The telegraph was another medium whose form or design determined the information it delivered. The kind of information that Americans have come to think of as the “news of the day” didn’t exist until the telegraph was invented and delivered it

The telegraph made it possible to move bits of disparate information lacking any context over long distances at incredible speed. Previously inaccessible information about fires, wars, and murders in far-flung places became part of local conversations and culture despite lacking local relevance.

Today, we’ve adapted to receiving the “news of the day” in a fragmented form because television and other electronic media are designed to deliver it this way. Cultures that communicated information over long distances by smoke signals didn’t have “news of the day.”

Communicating With Social Media

In today’s world, many relationships are formed online. AOL Instant Messenger was once a popular chat program to communicate in real-time, and today people can easily talk to anyone using direct messages (DMs) on Instagram or Twitter. But communicating in virtual spaces have their own set of unique rules and challenges. With that in mind, in this section, we’ll discuss some basic facts about online friendships from Jack Schafer and Marvin Karlins’ book The Like Switch.

  1. It’s easy to find people with common interests. According to Schafer and Karlins, it’s easy to make friends online because it’s easy to find common interests. There are thousands of strangers online who watch the same shows as you, play the same sports as you, have the same hobbies as you, and so on, and they’re all right at your fingertips. 
  2. It’s easy to enter and leave intense connections. The authors note that online relationships often intensify quickly because the barrier of the screen makes people feel more comfortable sharing traits they’d normally hide. The relative anonymity means there’s less risk of embarrassment sharing things online than there is in person, and it’s easier to exit uncomfortable situations. If the other person says something that makes you feel uneasy, rejected, or offended, all you have to do is exit the webpage or the app to escape the situation: You don’t have to face backlash from the other person in real-time.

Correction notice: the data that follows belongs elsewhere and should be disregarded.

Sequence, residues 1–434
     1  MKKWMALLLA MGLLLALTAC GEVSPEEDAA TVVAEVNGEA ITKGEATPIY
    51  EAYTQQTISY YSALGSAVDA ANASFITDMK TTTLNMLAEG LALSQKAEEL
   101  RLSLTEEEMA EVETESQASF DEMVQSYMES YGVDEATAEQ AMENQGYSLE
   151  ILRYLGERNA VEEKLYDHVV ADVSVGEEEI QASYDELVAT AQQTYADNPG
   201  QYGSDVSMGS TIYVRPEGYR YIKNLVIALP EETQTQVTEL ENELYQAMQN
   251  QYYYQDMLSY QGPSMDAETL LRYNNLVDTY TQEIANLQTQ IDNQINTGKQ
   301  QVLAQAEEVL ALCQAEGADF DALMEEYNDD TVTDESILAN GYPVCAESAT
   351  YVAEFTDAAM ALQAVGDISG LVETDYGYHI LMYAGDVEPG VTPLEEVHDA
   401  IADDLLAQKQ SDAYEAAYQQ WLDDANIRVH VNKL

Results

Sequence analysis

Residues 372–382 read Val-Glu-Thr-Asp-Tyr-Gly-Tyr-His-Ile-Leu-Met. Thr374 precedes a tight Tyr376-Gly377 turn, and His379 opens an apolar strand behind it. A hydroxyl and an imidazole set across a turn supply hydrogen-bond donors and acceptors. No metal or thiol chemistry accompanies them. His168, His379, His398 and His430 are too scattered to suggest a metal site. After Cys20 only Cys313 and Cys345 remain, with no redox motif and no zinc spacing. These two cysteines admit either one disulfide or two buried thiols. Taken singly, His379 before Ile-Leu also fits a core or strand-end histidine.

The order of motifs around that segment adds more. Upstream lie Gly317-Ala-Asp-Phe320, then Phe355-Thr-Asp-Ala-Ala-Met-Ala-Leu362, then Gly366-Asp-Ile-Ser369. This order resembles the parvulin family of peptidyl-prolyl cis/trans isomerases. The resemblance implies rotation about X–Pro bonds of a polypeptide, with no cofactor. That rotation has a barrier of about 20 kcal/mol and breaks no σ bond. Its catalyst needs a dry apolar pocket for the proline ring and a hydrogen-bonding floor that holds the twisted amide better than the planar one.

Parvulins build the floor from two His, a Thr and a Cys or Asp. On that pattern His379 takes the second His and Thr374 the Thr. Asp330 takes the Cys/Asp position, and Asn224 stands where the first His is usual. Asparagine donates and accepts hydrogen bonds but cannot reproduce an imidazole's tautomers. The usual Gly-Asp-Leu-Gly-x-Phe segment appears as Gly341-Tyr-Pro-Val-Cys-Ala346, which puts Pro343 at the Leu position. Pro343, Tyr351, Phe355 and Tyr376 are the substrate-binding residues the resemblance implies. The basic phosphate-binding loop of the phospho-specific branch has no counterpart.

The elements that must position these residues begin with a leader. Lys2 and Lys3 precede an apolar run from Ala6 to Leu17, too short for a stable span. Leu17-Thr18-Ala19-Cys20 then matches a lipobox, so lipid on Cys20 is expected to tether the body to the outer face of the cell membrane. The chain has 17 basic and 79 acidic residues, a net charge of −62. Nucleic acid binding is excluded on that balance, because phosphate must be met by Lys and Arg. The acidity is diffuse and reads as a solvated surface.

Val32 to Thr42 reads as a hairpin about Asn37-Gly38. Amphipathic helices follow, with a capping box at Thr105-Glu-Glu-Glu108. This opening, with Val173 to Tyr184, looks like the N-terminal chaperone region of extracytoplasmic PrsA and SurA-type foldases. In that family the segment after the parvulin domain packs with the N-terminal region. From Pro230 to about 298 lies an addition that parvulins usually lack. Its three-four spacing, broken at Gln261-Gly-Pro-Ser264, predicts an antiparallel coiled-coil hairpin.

3. You can’t use nonverbal cues to understand people’s intentions. Online relationships also come with unique dangers. The authors claim that without access to the nonverbal cues that let our brains know whether someone is a potential friend or enemy, it’s difficult to judge someone’s intentions. Additionally, though the internet offers more anonymity than in-person interactions, there’s always a chance that the things you post and write online may be accessible forever. This becomes a problem if you post information or photos that put you in a compromising position. 

Final Words

Many people today couldn’t imagine communicating as the Neanderthals did without phones, television, or social media. That’s the beauty of communication—it’s constantly evolving with technology, showing how language is the foundation of all relationships. In a century’s time, there will probably be a new way to talk to others and they’ll look back on the simple ways we communicate with each other.

How insightful was our breakdown of the evolution of communication? Let us know in the comments below!

The Evolution of Communication Throughout Time

Want to fast-track your learning? With Shortform, you’ll gain insights you won't find anywhere else .

Here's what you’ll get when you sign up for Shortform :

  • Complicated ideas explained in simple and concise ways
  • Smart analysis that connects what you’re reading to other key concepts
  • Writing with zero fluff because we know how important your time is

Katie Doll

Somehow, Katie was able to pull off her childhood dream of creating a career around books after graduating with a degree in English and a concentration in Creative Writing. Her preferred genre of books has changed drastically over the years, from fantasy/dystopian young-adult to moving novels and non-fiction books on the human experience. Katie especially enjoys reading and writing about all things television, good and bad.

Leave a Reply

Your email address will not be published.